The first point was as to the defendant's costs of suit, and of taking the account as between mortgagor and mortgagee.  It appears to be clear from the evidence offered, that much, and as it would seem quite needless opposition to the decree for an account was offered by the defendant.  Being aware, as we think he ought to have been aware, that he was estopped from denying the plaintiffs' ownership he should certainly have either rendered an account to the plaintiff before suit, or failing that, have at least, consented to a decree for an account.  As he adopted neither of these courses, we think he learned judge in the Court below was justified in giving costs against him up to the date of the decree.
  As regards the costs of taking the account, which were not given against, but disallowed to him by the learned judge, we have felt some doubt.  It appears to be clear enough as was contended by the appellant's counsel, that as a general principle, a mortgagee is entitled to the costs of an account out of his security, and that the mere fact of his having claimed a larger sum than that to which he is entitled will not debar him  from obtaining them.  It is also clear that on disallowance of them he is entitled to appeal.  We are not in possession of the grounds upon which the learned judge of the court acted in disallowing costs in this instance.  But it is clear that the defendant after having offered needles obstruction to the account being taken at all, eventually brought in a sum which was not only excessive as a whole, but, was so made up as to show the plaintiffs to be indebted to him in a sum of over $1,000, while as a matter of fact, the judgment shows him to have been indebted to them to the extent of nearly $3,000. Certain of the sums claimed by the defendant, also, such as $500 for commission on the sale of the vessel appear to have been improper and the observations of Lord Justice James on the case of Cotterell v. Stratton (L.R. viii, Chancery Appeals, 295) show that conduct of this nature is to be taken into consideration when the allowance of a mortgagee's costs is in question.  We do not think therefore that we should be justified on this appeal in finding that the leaned Judge of the Court below has wrongly exercised his discretion in regard to this point.
  The remaining question as to costs is that the learned judge should not have disallowed he defendant costs as between attorney and client in the original action of the plaintiffs against him, and of his suit in the Japanese court for the recovery of the taxed costs awarded him in the original suit.  We think the defendant is entitled to his full costs as between attorney and client in the original suit.  He was successful in defending that suit, and on the principle which guides our Courts in regard to such cases, he is entitled to be reimbursed any expenses properly incurred by him in retain to the maintenance of his security.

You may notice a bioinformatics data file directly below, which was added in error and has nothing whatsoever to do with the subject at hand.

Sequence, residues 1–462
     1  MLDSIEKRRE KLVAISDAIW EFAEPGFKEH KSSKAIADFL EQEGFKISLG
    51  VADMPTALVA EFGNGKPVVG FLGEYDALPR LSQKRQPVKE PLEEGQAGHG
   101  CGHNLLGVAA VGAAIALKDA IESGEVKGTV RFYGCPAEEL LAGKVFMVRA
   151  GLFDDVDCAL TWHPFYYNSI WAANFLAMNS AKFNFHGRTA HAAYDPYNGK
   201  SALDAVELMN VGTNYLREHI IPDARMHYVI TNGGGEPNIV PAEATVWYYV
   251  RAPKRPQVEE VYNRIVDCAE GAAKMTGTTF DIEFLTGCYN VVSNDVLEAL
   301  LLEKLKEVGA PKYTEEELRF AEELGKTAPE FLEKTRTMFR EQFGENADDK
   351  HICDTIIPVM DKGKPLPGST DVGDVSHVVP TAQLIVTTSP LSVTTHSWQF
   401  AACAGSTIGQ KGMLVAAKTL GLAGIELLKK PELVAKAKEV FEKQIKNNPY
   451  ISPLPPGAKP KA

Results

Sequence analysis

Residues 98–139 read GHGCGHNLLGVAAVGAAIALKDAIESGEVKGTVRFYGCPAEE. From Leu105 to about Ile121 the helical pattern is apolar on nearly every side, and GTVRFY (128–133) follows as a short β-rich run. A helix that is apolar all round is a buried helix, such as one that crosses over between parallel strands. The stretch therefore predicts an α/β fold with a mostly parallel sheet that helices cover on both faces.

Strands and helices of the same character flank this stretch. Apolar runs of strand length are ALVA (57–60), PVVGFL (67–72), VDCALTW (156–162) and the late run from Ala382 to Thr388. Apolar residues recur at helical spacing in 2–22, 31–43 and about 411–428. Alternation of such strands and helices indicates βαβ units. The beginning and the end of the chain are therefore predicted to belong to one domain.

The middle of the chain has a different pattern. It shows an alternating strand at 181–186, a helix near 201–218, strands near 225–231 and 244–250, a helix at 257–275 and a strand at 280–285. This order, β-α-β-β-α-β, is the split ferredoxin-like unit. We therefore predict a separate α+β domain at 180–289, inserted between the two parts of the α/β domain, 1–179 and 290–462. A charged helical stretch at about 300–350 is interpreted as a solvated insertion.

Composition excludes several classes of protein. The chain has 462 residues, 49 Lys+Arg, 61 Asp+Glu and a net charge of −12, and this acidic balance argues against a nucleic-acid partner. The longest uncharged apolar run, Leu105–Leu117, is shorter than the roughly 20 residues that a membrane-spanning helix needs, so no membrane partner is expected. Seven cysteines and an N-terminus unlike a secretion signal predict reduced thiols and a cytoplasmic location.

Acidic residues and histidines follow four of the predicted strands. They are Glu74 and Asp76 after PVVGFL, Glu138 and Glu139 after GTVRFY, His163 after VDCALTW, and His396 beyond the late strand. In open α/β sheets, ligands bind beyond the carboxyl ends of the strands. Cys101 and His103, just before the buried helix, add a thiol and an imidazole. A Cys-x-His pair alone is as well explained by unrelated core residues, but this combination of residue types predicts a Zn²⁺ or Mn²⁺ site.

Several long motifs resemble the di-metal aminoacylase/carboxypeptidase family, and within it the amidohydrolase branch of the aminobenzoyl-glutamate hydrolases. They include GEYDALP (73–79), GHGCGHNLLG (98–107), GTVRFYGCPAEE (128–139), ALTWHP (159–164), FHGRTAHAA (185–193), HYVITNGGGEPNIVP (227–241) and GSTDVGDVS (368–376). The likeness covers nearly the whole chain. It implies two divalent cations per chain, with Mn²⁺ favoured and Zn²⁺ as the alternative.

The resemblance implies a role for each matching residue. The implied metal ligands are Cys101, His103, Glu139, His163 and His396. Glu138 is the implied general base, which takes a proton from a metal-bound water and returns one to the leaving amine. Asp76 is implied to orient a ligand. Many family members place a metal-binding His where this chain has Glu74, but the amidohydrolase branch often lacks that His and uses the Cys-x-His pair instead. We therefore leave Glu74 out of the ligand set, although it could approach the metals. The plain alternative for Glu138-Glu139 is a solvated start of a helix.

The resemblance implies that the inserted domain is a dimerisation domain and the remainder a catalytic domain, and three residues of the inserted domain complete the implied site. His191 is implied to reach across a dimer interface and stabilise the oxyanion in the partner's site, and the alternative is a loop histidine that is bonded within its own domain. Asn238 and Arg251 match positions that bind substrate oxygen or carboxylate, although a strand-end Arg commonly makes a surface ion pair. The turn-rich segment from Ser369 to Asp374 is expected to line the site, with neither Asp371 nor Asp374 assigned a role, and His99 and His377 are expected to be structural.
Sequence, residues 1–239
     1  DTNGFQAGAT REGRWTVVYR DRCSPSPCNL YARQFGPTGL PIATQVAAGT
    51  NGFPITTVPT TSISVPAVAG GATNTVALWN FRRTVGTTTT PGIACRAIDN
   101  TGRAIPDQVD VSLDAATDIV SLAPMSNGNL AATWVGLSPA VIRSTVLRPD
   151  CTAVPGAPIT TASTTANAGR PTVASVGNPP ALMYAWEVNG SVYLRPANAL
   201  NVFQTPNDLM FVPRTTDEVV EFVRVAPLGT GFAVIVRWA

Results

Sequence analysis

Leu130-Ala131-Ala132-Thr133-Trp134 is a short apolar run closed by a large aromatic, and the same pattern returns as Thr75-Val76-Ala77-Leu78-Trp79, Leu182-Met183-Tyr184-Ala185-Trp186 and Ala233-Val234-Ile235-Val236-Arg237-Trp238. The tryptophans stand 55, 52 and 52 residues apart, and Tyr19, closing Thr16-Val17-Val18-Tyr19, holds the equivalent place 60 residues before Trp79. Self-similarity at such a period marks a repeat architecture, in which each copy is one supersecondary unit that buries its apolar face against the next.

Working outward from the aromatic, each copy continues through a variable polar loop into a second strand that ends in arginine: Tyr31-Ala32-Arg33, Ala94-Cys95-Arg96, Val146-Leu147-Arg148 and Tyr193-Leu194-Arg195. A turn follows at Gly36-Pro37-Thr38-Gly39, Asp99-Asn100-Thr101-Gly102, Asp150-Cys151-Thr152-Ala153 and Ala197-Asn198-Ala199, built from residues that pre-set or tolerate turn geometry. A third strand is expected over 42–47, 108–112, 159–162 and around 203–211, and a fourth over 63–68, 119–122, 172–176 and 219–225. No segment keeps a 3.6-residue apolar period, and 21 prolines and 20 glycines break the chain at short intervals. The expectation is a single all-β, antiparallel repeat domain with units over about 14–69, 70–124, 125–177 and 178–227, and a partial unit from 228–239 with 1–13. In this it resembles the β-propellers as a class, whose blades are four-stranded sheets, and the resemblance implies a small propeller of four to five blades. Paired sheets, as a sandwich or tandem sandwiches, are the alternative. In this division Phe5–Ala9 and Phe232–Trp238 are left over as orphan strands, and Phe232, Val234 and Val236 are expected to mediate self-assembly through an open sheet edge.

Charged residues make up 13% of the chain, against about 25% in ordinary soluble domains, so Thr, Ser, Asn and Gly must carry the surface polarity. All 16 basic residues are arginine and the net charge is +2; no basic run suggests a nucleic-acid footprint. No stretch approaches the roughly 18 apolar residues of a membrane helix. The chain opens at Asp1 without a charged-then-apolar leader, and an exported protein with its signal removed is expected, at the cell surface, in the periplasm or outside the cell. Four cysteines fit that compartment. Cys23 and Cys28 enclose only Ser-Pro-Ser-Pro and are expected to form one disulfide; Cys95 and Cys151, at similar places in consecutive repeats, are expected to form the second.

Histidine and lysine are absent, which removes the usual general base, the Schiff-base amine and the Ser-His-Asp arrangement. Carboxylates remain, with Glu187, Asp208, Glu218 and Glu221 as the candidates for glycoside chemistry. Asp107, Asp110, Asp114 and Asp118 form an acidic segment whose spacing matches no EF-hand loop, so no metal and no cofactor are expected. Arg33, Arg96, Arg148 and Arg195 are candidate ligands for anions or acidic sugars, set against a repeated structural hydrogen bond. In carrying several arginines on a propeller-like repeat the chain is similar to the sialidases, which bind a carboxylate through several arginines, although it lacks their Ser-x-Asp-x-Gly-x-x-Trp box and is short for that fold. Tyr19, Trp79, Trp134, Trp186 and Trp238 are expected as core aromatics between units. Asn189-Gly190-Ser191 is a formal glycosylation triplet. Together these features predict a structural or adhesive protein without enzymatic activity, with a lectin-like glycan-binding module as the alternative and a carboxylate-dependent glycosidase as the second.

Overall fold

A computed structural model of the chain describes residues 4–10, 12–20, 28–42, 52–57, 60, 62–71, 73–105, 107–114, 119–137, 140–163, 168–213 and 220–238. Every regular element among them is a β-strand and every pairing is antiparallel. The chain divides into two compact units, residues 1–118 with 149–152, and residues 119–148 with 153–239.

In regard to the costs incurred by him in the Japanese Courts, we do not think he is entitled to recover.  Considering that the judgment of the Court below which we now uphold shows that the security he had in and at the time of his taking those proceedings was more than sufficient to cover the actual amount due to him including the taxed costs in question we are clearly of opinion that these proceedings were unnecessary, and it being a well-known principle that a mortgagee is not to be given the costs of needles litigation, he cannot have them in this instance.
  In the cross-appeal, the appellants, (plaintiffs in the court below), say that they are dissatisfied with the judgment in so far as it allows the respondent two sums of $577.66 and $50.60 on the grounds that he said sums id paid by the respondent in respect of the pledged property, were paid without authority and contrary to the appellant's instructions, and that the same were improperly allowed in item I. of the account.
There would appear to be some grounds for the appellant's contention.  The letter from the plaintiffs' agent Shigehama to the defendant and endorsed by him (Exhibit O in the records) certainly shows that it was understood monies were not to be disbursed by the defendant to the Chinese builders, as these monies directly or indirectly were disbursed without the consent of Shigehama and it is admitted that that consent was not obtained in these instances.  In answer to this, however, the defendant in his evidence says that he did not think Shigehama's consent was necessary after the termination of the first case, that he could not find Shigehama who had in fact "bolted," that the larger of the two sums was advanced at such as time as made it properly included under Item I, and that the smaller item although advanced at a later date was actually expended in paint of the vessel.  On the whole, and considering that the learned judge of the court below, who took the account himself, appears to have been satisfied by the defendant's explanation, we do not think we should be justified in interfering with the decree on the grounds set forth in the cross appeal.
  In the original appeal the decree of the Court below must be varied by the reduction in the amount ordered to be paid, to the extent of $380, being the extra amount of costs we think the defendant is entitled to have allowed him.  The cross-appeal will be dismissed, and there will be no costs to either party.

Published by Centre for Comparative Law, History and Governance at Macquarie Law School